Bosnia and Herzegovina is slowly creeping back to normality after a decade-long strife in the 1990s. This war torn country is in the process of reconstruction while Bosnia tourism is seeing a new dawn with every passing day. Bosnia may still take some time to achieve the fame of the glamorous sun kissed, deep blue beaches of its neighbour Croatia or the stunning nightlife and entertainment centre that Serbia is, yet, in a way, it’s the best time to visit Bosnia and Herzegovina as the country still has its old antiquated feel and less touristy infrastructure and commercialisation. Among the places to visit, capital Sarajevo and Mostar top the list of best cities to visit in Bosnia.
Explore Bosnia Tourist Attractions before it becomes the next big thing in the already cluttered tourism scene of Europe!
Best Places to visit in Bosnia and Herzegovina
The capital city of Bosnia and Herzegovina has a unique mix of traditional charms and modern influences. The city and its population suffered grave humanitarian crisis during the ‘Siege of Sarajevo’ for three difficult years during the Balkan Wars of the 1990s. Today, the bullet holes are covered and debris have disappeared and instead cafes, restaurants, lodges, guest houses and art galleries have sprung up amidst the Ottoman and Austro-Hungarian heritage buildings. The city is often credited as being the flash point of starting the devastating World War I.
Also read: Best Places To Visit in Sarajevo
One of the most popular destinations in Bosnia and Herzegovina, Mostar is a city located in the southern parts of the country. It is famous for its medieval bridge Stari Most, one of the most photographed monuments of the city. The bridge was destroyed during the Croat – Bosniak War of the 1990s and was recreated and inaugurated in 2004.
3. Banja Luka
The second largest city of Bosnia and Herzegovina is also the provincial capital of Republic Sprska, an autonomous administrative territory with the country. The town has ancient Roman ruins, historic remains of Ottoman Empire and cultural heritages of the Austro-Hungarian Empire as well.
Located in the central parts of Bosnia and Herzegovina, Jajce was established in the 14th century and served as the capital of the Kingdom of Bosnia during that period. Jajce is also renowned for its famous waterfalls and unique historic and cultural heritages.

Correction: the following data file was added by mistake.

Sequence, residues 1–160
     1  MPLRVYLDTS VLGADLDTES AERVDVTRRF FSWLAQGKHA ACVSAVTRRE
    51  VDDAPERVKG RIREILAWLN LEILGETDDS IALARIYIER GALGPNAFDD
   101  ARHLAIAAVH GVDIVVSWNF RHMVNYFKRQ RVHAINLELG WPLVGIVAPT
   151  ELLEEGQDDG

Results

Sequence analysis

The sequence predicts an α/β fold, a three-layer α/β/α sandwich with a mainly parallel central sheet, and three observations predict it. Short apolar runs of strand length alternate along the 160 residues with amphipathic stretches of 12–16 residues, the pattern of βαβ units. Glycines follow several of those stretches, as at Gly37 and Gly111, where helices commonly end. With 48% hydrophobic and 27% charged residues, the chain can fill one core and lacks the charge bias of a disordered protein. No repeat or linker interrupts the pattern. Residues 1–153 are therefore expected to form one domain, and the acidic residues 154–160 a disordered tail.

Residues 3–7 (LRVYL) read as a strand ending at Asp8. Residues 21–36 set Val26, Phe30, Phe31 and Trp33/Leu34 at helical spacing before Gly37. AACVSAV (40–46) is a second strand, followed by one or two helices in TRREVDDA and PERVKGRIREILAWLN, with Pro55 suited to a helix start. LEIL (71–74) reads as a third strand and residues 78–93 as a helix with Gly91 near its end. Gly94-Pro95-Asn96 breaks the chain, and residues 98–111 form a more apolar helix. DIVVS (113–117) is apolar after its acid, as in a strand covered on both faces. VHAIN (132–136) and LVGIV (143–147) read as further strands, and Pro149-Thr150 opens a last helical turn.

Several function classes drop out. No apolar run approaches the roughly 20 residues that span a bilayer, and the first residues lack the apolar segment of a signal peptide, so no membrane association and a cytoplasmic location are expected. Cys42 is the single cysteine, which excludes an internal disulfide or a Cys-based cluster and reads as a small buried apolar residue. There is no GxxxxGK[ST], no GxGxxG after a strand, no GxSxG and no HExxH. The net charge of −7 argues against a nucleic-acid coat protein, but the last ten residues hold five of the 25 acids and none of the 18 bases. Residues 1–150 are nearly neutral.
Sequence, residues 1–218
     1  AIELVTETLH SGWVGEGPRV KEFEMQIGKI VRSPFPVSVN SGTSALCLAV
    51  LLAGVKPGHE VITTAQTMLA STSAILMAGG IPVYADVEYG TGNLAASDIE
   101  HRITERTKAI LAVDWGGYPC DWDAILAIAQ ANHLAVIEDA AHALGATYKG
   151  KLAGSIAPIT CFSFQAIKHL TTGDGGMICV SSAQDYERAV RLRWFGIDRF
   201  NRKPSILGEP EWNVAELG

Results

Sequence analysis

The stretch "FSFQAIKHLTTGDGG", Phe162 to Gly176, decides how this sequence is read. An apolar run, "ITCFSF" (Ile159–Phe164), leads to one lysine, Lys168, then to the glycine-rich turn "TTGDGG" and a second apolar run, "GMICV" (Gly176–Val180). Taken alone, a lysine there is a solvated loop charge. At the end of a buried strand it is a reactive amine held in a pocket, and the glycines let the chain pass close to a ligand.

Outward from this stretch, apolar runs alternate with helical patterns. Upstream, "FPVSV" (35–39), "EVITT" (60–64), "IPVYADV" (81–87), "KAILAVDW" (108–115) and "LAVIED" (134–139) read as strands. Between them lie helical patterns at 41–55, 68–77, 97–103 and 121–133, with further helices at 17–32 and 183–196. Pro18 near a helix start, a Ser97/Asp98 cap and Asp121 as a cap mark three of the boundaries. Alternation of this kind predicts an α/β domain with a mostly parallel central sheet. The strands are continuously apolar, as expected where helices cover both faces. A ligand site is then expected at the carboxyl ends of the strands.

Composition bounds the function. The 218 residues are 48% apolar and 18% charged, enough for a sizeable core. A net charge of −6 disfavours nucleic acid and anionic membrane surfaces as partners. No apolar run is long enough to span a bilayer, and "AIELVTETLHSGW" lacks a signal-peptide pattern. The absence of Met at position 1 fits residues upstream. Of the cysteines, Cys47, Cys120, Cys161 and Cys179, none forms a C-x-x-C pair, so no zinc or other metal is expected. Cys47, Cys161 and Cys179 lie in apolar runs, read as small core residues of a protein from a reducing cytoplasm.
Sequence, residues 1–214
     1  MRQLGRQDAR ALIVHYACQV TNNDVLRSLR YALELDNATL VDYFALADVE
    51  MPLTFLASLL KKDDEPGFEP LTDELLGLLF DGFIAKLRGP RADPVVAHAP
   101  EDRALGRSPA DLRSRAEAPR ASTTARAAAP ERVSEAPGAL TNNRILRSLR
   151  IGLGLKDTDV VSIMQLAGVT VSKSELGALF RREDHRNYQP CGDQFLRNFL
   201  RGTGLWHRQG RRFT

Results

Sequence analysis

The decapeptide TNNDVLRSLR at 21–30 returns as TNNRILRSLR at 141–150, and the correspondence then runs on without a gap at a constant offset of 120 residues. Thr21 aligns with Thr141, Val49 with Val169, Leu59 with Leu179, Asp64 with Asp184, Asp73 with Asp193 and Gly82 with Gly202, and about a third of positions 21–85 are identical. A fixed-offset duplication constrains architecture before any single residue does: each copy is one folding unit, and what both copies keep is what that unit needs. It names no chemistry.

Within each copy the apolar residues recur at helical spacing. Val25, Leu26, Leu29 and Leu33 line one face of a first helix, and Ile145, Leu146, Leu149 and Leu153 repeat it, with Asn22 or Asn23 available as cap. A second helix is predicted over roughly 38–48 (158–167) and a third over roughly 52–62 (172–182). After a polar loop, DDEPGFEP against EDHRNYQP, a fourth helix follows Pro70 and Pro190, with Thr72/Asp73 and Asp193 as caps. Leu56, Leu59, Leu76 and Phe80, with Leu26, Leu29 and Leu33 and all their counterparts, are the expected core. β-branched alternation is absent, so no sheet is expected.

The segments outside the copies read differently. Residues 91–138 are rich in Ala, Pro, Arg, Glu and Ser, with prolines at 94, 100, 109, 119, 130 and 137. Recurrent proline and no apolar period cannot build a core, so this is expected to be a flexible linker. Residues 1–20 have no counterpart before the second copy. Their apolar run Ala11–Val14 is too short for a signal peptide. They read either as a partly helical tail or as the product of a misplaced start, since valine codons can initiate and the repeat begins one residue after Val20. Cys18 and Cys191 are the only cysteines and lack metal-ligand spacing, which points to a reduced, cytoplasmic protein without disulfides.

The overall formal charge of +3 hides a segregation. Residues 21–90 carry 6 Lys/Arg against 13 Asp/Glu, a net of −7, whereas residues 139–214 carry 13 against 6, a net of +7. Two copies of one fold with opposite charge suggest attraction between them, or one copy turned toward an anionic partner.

Travnik is a small town in central Bosnia and Herzegovina and is one of the fortunate settlements in the country which escaped widespread destruction during the Bosnian war. Travnik has a rich Ottoman heritage along with several cultural sites of the Austro-Hungarian era.
Bihac is a city which lies on the River Una in north-western Bosnia and Herzegovina. The city suffered intensive damage during the Bosnian War of Independence, however, the city has successfully maintained its charm and heritage due to intensive reconstruction efforts.
Pocitelj is a beautiful village located in the Capljina municipality in Bosnia and Herzegovina. Pocitelj is one of the few urban settlements in the country which has preserved its characteristic despite several layers of history and widespread destruction during the Bosnian War of Independence.
Blagaj is a beautiful village-town located in the south eastern region of Bosnia and Herzegovina and is a very popular tourism destination. Blagaj has plenty of Ottoman era monasteries and heritage buildings and lies close to the source of the Buna River also known as Vrelo Bosne.
Visegrad is a town located in eastern Bosnia and Herzegovina on the banks of the Drina River in the Republic Sprska region. The town is also famous for its Ottoman era Mehmed Pasa Sokolovic Bridge, a UNESCO World Heritage site designed by the renowned Ottoman era architect, Mimar Sinan and immortalised by Nobel Prize winning author Ivo Andric’s novel, The Bridge of the Drina and is easily one of the many places you must see in Bosnia.
It is a town located in the Herzegovina region and is renowned for being a highly revered Catholic pilgrimage centre. The town rose to prominence after reports of the alleged apparitions of the Virgin Mary to six local Catholics was reported and it eventually became a popular site.
Stolac is a town in Bosnia and Herzegovina with plenty of historical ruins dating back to the pre-historic era. The town has rich Ottoman influence and boasts of producing several intellectuals, artists, poets and leaders. Stolac still has its old European charm and after surviving destruction during the Bosnian War of the 1990s.
Neum is the only town located on the coastline of Bosnia and Herzegovina and is the only access point of the country towards the Adriatic Sea. Neum has steep hills, sandy beaches and several tourist hotels and resorts. It sees plenty of tourists from neighbouring Croatia.
Tuzla is an important city in Bosnia and Herzegovina and is the economic, scientific, cultural, educational, and health centre of the country. Tuzla has a multicultural character with the presence of Bosniaks, Serbs, Croats and small minority of Bosnian Jews.
Gorazde is a city located in eastern Bosnia and Herzegovina on the banks of Drina River. Gorazde has featured in several literary books and has several layers of history including cultural and historical heritages of Ottoman, Austro-Hungarian and Yugoslavian period.